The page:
Alright kiddos. This is the epic story of how I got some cabinets from a online store (check their website) and also painted kitchen cabinets and lived to tell about it. Also known as the longest post ever… but I wanted to give as much detail to anyone thinking about painting their kitchen cabinets using contact professional kitchen cabinet painters
You’re welcome, Google Searcher.
I tackled this project the first weekend we were in the house. Let’s take a look at the kitchen before I got my hands on it (here’s a tour of the rest of the house, in case you’re curious):
Maybe it was the beige color of the kitchen cabinets against the beige walls, against the beige floor, but everything looked, well, beige. Brown. Sandy. This kitchen opens up to the family room and is seen from the dining room, but it looked dark in the corner and the black appliances and counters didn’t help. I knew that getting New Hampshire kitchen remodeling and a lighter shade of paint on the walls would really open up this corner.
I decided to do it immediately because a) we didn’t have to move out of our apartment right away so we could hold off on using the kitchen for a week or so, and b) I was scared the more I waited, the more I would chicken out and end up not doing it. So the very first day we closed, (you know, after frolicking through the echoy house yelling “We are hooooomeowners!!!!”) we put down drop cloths and got to work.
Before I begin with the steps, let me just emphasize: I am not an experienced DIY expert. So if I can paint kitchen cabinets, anyone can paint kitchen cabinets. However, you might want to restore the mold and damp in your kitchen before painting them. You can find Smart Dry Restoration online and seek their services.
That said, this project is not for the faint of heart. It is tedious and requires a lot of patience. I spent the month before I started studying how-tos and online videos and giving myself a good pep talk: Cabinets are so expensive — what if I mess up? You can do this. Cabinets aren’t like walls — they get used every day! You can do this. But it’s going to take forrrrrever!! It’s just a week or two, you can do this. At one low moment when I was four days in, I started comparing it to my marathon training last year. Dramatic much? (Don’t worry, it’s way easier than running a marathon.)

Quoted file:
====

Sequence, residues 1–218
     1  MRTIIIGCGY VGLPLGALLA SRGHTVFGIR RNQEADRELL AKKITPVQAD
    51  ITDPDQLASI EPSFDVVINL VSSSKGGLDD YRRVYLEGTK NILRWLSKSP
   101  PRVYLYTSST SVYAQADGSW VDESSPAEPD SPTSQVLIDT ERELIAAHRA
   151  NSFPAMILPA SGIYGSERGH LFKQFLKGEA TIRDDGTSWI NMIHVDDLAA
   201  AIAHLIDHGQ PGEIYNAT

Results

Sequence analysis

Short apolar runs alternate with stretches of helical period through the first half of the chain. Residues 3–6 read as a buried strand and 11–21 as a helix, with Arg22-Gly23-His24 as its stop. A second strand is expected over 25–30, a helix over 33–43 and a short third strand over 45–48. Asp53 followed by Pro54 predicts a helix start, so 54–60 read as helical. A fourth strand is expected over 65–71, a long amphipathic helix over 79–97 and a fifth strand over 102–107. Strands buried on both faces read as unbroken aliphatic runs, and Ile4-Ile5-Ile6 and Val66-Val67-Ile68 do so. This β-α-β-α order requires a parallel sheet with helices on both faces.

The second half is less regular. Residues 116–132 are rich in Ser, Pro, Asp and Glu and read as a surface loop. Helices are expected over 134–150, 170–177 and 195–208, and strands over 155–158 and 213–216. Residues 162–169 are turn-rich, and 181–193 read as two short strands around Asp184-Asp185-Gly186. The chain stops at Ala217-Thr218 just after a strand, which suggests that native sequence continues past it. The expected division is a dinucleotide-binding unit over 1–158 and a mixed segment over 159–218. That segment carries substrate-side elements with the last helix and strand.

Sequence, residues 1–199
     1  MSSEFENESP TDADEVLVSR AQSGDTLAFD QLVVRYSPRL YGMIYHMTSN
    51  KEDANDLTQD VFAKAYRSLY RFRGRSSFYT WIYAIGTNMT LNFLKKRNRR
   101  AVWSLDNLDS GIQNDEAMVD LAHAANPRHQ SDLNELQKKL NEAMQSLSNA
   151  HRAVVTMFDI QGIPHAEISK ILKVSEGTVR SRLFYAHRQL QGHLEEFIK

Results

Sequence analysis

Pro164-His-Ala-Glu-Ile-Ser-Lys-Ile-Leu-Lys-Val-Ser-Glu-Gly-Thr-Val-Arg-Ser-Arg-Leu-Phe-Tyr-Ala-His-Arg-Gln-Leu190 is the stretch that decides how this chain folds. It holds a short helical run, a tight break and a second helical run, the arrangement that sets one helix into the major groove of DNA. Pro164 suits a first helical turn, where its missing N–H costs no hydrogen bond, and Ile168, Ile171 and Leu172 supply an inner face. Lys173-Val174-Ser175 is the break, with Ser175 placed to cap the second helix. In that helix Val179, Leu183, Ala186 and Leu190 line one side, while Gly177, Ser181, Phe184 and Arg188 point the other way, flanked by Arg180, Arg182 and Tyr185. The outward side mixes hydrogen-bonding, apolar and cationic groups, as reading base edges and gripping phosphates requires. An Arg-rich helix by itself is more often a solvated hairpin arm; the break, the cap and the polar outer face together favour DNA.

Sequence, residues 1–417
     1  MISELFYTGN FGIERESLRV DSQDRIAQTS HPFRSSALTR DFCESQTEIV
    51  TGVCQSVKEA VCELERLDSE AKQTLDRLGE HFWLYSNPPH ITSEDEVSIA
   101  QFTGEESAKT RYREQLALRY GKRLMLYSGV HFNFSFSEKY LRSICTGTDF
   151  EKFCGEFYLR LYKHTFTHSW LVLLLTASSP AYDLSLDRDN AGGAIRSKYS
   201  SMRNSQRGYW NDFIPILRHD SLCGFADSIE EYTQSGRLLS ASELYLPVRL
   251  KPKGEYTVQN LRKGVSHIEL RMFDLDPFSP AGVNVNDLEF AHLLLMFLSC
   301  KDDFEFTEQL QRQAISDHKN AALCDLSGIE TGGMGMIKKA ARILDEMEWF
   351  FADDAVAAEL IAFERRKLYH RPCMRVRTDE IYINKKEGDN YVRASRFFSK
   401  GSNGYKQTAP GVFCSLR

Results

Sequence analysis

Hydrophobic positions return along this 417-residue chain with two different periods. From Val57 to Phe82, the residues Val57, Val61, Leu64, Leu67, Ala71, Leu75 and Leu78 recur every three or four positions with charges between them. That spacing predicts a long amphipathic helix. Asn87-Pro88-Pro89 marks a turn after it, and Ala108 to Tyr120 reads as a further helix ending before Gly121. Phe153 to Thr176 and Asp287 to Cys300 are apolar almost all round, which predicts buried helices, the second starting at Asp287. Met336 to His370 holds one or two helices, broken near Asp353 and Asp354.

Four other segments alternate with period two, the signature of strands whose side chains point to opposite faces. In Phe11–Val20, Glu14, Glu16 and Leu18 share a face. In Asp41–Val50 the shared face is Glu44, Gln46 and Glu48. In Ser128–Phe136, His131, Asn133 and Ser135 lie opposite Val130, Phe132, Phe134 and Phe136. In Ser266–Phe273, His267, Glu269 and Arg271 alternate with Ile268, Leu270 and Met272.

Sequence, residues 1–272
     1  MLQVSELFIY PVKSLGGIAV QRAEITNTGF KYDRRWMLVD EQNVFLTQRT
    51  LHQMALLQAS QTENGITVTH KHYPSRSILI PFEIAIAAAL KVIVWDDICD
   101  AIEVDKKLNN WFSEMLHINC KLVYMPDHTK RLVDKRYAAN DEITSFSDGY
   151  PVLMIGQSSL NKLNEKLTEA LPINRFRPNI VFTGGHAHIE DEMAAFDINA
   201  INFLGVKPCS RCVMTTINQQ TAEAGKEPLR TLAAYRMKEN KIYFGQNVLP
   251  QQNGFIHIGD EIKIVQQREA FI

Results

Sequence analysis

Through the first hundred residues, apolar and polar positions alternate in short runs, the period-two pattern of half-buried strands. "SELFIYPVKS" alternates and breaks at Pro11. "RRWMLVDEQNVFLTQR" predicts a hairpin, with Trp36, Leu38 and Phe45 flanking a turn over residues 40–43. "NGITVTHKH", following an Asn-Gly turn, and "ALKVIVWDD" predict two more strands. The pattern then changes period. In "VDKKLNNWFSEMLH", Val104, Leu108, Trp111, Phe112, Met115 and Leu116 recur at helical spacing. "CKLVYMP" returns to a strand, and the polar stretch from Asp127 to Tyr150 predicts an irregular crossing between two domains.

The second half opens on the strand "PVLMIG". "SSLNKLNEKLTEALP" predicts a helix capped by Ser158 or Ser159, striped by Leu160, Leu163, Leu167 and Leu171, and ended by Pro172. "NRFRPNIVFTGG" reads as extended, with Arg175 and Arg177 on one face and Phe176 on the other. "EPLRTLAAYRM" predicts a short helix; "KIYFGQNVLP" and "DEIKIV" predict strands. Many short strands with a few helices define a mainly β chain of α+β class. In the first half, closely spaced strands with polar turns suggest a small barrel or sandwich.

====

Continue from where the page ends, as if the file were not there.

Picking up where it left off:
But, again: if I can do it, then bless your patient heart, you can do it too. But if you need help from a professional, the painter at AlexTrendPainters is easily the best painter Dublin has available.
Now that you’ve been adequately warned, let’s get into the steps…
First, gather your supplies and decide on the type of primer, and the brand, type and color of the paint.
– Drop cloths
– Rags for cleaning
– Screwdriver to take down/put up hardware
– Small foam roller and foam refills (I ended up needing three foam roller refills)
– 2″ angled paint brush “best”
– Wood caulk (optional – I didn’t need this)
Primer: I bought Sherwin William’s oil-based primer, since it was recommended in the store and various cabinet tutorials.
Paint: I am a loyal Behr paint buyer for walls (since I think it’s a good combo of quality + price), but when it comes to cabinets I decided to go with either Sherwin Williams or Benjamin Moore, since I didn’t want to go cheap. I read this for lots of reviews on the best cabinet paint and the scale tilted a little in favor of Ben, but Sherwin had a 35% off sale that week so I went with them (after all, this is
used to be? a personal finance blog).
Type: Since cabinets get used a lot and need to be wiped down on a regular basis, it’s best to get semi-gloss or high gloss. I bought Pro-Classic in semi-gloss, so it wasn’t too shiny.
Color: I wanted white. Not cream white or yellow white or gray white, but a pure, clean white. I looked online for colors I liked and ended up with Snowbound from Sherwin Williams. I’m happy with the way it turned out… it reminds of milk for some reason.
1. Clean the cabinets.
I used a wet microfiber cloth and lightly scrubbed the doors and the frames. Get off all the dirt, dust and grease off. This took about a half hour since my cabinets were pretty dirty at the top.
2. Remove hinges and hardware, and keep track of where the cabinets go.